Nightmare Visions is unrelentingly brutal and rough around the edges in the way you’d expect a DIY black metal project to be, and it’s not quite as avant garde as those who have dabbled in these blendings of genres in the past, but it’s nice to see a major creative force behind Serpent Column continue to weave creative threads through black metal and hardcore in truly incredible ways.

-Jimmy Rowe

Frost Bites

Mithrandir - Towards the Spires of Dol Guldur

The ties between metal and Tolkien are so many that I’ve been kicking around the idea of writing a proper deep dive about them for years now. While this is not the time nor the place for such an exploration, it is worth noting that Mithrandir are explicitly part of that tradition. It’s interesting that black metal, and lo-fi black metal at that, is associated with a literary vision that had so much emphasis on light, hope, and resurgence. But, it works, especially in Mithrandir’s case; their haggard, abrasive, and ultra-aggressive style of black metal very much benefits from the whole Arda-shrouded aesthetics. The result is a vicious album, who’s dungeon synth influences are far and few between, mere fading points of fantastical light squirming amidst the twisting riffs, relentless drums, and frigid vocals that make up this vociferous release.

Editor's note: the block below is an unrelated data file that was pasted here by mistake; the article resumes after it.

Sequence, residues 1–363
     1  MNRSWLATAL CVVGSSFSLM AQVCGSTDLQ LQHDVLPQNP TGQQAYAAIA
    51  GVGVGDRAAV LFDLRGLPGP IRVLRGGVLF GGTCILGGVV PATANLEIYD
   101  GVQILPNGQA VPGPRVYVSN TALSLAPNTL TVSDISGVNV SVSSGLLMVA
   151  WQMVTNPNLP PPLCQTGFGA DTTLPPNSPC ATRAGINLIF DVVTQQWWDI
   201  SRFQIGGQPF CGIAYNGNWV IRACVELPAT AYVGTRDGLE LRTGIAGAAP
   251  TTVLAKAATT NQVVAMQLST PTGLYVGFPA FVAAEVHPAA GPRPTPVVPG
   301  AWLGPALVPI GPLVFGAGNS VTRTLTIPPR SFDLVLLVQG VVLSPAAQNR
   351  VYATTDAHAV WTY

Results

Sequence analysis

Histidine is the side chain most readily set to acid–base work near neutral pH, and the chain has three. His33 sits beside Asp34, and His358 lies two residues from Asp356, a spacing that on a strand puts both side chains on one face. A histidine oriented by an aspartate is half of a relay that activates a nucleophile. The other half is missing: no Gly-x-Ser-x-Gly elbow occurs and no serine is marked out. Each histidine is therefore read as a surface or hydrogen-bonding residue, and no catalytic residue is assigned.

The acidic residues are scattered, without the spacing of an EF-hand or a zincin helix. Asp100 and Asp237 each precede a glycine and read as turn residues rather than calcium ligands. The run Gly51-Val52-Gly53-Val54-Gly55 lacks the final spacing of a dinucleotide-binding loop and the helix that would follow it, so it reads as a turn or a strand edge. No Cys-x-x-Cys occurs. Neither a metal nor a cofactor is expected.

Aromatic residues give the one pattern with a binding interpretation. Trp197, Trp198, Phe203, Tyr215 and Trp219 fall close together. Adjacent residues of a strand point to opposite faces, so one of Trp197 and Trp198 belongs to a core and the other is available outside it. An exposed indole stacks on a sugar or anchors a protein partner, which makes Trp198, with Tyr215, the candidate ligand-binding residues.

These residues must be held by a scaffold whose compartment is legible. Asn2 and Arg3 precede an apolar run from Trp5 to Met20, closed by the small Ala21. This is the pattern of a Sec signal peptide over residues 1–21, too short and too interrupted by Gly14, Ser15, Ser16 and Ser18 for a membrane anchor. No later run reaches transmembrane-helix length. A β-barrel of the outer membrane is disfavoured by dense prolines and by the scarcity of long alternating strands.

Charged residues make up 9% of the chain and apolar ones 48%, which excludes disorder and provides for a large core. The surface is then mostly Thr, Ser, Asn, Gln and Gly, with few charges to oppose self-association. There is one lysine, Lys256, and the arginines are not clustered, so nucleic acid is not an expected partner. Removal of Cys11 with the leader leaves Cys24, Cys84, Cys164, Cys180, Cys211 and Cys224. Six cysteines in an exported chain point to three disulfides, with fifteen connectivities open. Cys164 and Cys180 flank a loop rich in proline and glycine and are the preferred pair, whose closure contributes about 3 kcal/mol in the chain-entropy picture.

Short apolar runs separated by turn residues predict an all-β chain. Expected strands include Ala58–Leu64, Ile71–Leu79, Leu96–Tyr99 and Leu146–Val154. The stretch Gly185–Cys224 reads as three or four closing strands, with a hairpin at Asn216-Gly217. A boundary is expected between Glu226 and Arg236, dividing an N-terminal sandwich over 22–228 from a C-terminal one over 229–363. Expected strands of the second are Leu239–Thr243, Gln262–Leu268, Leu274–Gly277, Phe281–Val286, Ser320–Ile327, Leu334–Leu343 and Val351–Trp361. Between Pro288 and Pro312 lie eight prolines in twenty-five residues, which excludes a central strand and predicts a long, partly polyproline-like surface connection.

Α​̓​Π​Ο​Κ​Α​́​Λ​Υ​Ψ​Ι​Σ (Apocalypse) is a fittingly titled slab of viciousness. Where the above detailed Mithrandir channeling their violence through lo-fi “thinness” and abrasiveness, TRESPASSER are brutal maximalists. On Α​̓​Π​Ο​Κ​Α​́​Λ​Υ​Ψ​Ι​Σ every instrument goes louder and faster than every other instrument, a war of all against all which fits the themes of class war, insurrection, and revolt that run through the album. The riffs are thick and heavy, split between a black metal intensity and a deep-seated, sludg-y groove that is incredibly hard to resist. The vocals are always powerful, whether they are angry, remorseful, or outright calling for war. And the drums hit like artillery strikes, the cymbals scoring the entire mix with their impact. Add in exceptionally uncompromising lyrics about what is truly needed for us to be free (hint: violence) and you’ve got yourself one of the more effectively hard-hitting albums this year. Forward into the light!


Jonathan Adams

Published a year ago